Representatives of the U.S. Army’s Flying Tigers, also known as the 1st American Volunteer Group (1 AVG), will join China’s Victory Day events on Sept. 3. The Tigers played a key role in China’s victory, and are highly respected in China.
On Thursday, Larry Jobe is set to lead a group of Flying Tiger veterans in Beijing. Jobe is a retired civilian pilot who learned about the Flying Tigers’ history during a trip to China in the 1990s and established the Flying Tigers Historical Organization.
“They went to the war not because they wanted to, but because they felt they had to. They are very proud of what they did, and they are extremely pleased that people recognize and remember them today. It makes them feel good about what they did,” he told CCTV News.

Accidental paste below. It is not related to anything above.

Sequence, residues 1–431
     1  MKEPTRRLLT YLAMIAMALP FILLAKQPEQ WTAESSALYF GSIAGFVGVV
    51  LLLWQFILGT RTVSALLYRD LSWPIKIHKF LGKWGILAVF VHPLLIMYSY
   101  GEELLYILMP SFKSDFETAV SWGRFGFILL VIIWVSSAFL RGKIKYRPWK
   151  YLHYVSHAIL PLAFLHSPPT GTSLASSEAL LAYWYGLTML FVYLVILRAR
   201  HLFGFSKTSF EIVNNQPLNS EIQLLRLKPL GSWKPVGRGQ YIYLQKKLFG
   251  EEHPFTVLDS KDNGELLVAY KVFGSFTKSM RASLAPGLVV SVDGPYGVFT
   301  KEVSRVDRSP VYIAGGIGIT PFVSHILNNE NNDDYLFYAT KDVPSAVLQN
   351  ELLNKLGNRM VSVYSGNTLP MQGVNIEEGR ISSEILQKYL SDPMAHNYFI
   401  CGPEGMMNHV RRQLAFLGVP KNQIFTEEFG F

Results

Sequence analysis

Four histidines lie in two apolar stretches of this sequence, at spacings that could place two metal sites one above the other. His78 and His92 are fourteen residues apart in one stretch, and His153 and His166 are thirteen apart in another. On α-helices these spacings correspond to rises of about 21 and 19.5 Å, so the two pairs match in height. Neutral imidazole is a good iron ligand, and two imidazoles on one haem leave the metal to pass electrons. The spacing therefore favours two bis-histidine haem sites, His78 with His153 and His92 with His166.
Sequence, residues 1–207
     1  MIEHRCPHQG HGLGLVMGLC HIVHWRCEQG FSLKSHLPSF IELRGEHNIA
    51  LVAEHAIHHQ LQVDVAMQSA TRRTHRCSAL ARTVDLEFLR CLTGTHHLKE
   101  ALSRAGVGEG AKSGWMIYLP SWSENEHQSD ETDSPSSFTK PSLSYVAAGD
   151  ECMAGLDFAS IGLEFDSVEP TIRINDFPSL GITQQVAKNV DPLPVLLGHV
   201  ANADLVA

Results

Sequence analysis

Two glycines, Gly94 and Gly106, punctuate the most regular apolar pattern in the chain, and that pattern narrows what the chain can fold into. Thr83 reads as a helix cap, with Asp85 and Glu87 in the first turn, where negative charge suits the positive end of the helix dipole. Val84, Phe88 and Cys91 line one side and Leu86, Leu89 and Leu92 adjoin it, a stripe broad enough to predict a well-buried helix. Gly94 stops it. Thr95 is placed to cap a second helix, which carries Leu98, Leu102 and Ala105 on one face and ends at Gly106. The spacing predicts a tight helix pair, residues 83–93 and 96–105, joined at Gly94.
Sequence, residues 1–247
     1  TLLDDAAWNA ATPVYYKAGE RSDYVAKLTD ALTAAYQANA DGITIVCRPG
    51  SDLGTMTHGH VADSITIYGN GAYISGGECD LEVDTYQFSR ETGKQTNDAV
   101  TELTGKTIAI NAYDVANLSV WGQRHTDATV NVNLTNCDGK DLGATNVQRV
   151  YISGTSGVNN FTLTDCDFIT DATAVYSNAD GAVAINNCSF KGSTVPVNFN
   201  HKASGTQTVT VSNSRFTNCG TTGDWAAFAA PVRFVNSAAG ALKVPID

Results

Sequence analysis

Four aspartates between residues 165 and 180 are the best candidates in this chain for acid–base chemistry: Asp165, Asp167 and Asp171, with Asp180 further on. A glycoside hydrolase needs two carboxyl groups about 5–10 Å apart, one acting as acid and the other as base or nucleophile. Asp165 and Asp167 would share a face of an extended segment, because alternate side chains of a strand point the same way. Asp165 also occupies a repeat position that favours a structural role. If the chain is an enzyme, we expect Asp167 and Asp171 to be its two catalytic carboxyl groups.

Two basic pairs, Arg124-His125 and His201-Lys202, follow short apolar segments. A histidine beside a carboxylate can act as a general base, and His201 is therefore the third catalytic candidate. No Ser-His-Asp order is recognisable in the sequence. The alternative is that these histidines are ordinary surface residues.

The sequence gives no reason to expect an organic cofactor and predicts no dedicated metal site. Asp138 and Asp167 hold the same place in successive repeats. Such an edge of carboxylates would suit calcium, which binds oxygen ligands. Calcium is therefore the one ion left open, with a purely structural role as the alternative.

Jobe learned that in the regions occupied by Japan, Chinese people did everything they could to save Flying Tiger pilots that were shot down. He found that pilots taken in by local Chinese families had a 95 percent chance of getting back to their brothers-in-arms.
Jobe spoke of one U.S. pilot sheltered by a Chinese community. When Japan invaded, the villagers didn’t reveal any information on the pilot, even when tortured. The invaders finally left after finding footprints of U.S. boots that led outside the village. However those footprints were made by a Chinese villager leaving a false trail.
Story by CCTV News